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Fukuoka and Okinawa


Fukuoka is located on Kyushu, Japan's third largest island. It's one of Japan's most populated cities and has a great mix of the old and the new. In Fukuoka you can find Japan's oldest Zen temple, the ruins of the city's former castle as well as a huge futuristic waterfront shopping district. Next to the Kyushu island is Okinawa, Japan's southernmost prefecture. It consists of a few dozen subtropical islands with beautiful beaches and stretches over a thousand kilometers from Kyushu to Taiwan.


Iconic Mount Fuji in Japan - Travel Mate

(Mount Fuji, one of the most famous landmarks in Japan)




Hiroshima is the principal city of the Chugoku Region and home to over one million people. The city became known worldwide after World War 2 as the place where the first atomic bomb was dropped. Since then, great efforts has been taken to rebuild the city. Destroyed monuments like the Hiroshima Castle and Shukkeien Garden has been reconstructed and in the center of the city is now a large park called the Peace Memorial Park. 


Osaka and Kyoto


With a population of 2.5 million, Osaka is Japan's third largest and second most important city. It has been the economic powerhouse of the Kansai Region for many centuries. Here you will find a great range of museums, a huge downtown shopping district and one of Japan's most impressive aquariums. A short train ride away is the city of Kyoto, perhaps the most beautiful city in all of Japan. There is history everywhere you look in Kyoto with the most famous sights being the golden Kinkakuji temple, the wooden mountain temple of Kiyomizudera, the Zen Garden and Gion; Kyoto's famous Geisha district.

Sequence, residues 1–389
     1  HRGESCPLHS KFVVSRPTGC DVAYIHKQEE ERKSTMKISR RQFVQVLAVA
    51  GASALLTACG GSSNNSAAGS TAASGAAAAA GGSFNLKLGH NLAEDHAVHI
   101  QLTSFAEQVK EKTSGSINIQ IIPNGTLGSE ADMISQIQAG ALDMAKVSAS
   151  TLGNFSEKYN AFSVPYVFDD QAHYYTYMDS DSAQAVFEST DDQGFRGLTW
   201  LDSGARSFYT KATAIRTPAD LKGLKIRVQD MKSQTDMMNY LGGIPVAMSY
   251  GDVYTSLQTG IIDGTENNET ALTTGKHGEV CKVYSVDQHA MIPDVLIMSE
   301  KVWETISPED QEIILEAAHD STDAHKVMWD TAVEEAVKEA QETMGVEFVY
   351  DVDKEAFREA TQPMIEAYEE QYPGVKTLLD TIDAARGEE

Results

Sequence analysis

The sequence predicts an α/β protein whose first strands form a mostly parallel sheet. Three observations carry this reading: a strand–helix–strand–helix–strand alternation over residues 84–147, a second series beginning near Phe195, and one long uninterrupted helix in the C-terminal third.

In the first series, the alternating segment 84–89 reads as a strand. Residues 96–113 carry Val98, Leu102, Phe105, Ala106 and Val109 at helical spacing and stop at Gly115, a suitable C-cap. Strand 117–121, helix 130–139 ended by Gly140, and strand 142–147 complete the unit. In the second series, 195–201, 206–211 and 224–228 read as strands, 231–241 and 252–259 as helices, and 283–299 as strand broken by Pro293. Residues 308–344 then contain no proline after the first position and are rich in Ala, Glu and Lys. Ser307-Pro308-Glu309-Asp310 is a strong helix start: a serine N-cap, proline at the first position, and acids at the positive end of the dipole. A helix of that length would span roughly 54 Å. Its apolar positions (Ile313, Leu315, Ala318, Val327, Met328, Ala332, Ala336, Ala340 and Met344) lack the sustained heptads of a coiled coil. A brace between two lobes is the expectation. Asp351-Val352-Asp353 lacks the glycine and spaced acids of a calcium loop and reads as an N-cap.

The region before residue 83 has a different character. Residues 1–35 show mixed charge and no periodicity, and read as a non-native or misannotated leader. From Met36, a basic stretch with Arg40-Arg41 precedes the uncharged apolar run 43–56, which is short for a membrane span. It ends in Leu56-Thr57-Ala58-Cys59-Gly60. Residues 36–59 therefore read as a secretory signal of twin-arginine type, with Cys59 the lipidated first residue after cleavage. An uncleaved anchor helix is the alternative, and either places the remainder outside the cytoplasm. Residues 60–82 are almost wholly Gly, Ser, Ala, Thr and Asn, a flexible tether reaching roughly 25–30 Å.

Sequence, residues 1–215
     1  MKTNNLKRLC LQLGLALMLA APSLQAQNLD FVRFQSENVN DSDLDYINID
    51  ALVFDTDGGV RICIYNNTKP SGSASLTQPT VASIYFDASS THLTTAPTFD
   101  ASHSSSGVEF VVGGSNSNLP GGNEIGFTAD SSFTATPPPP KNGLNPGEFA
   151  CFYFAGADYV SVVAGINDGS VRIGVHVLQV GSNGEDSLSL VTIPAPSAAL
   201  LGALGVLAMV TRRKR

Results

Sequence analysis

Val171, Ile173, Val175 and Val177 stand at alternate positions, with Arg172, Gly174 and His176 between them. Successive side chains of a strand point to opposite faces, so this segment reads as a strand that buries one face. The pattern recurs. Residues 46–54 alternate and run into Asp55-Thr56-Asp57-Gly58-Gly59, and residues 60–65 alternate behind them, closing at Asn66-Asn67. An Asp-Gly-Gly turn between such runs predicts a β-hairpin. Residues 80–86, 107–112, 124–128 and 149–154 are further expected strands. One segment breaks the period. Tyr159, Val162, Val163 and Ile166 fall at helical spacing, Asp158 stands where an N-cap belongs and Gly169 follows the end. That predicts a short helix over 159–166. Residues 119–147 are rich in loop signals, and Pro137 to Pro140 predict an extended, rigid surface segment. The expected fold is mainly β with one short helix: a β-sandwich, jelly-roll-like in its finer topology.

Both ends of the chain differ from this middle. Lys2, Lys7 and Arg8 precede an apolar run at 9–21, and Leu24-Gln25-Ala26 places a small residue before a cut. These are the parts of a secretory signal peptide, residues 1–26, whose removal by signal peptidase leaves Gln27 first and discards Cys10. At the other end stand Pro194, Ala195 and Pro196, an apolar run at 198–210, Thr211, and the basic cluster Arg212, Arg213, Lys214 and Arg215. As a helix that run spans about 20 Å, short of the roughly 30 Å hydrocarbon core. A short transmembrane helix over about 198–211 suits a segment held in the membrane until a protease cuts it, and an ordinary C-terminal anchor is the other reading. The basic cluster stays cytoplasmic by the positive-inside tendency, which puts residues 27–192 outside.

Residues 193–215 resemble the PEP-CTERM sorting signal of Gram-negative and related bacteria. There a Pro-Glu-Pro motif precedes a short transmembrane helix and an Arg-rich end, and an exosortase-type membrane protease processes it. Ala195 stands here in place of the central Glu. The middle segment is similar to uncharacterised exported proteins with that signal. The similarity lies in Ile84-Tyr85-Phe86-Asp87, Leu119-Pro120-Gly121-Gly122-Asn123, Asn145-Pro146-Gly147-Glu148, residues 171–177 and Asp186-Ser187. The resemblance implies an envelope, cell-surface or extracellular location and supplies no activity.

Nagoya and Mt. Fuji


With over two million inhabitants, Nagoya is Japan's fourth most populated city and the capital of the Aichi prefecture. Here you can see the great Nagoya Castle, check out one of Japan's largest ports or choose from a large array of shopping, entertainment and dining opportunities in Sakae. Within a 30 minute train ride is Mount Fuji, Japan’s highest mountain. The nearly perfectly shaped volcano has been worshipped as a sacred mountain for centuries and stands proud at 3776 meters.




The nations capital and a place to get lost in the huge choice of sights and attractions. Visit the world's largest fishmarket in Tsukiji, be amazed at the electric city of Akihabara or go shopping in Shinjuku and Shibuya. Here there is also a plenty of museums like the Ghibli Museum and huge amusement parks like Tokyo Disneyland. If that is too much excitement for you then have a relaxing day in Asakusa, where you can visit the Sensoji Temple.


Sapporo and Hokkaido


Hokkaido is the second largest, northernmost and least developed of Japan's four main islands. The weather is harsh in winter with lots of snowfall and below zero temperatures which attracts skiers and snowboarders from around the world. Other than unspoiled nature, the capital city of Sapporo has plenty of entertainment to offer. Try the local Sapporo Beer around the entertainment district of Susukino or visit the fresh food Nijo Market.





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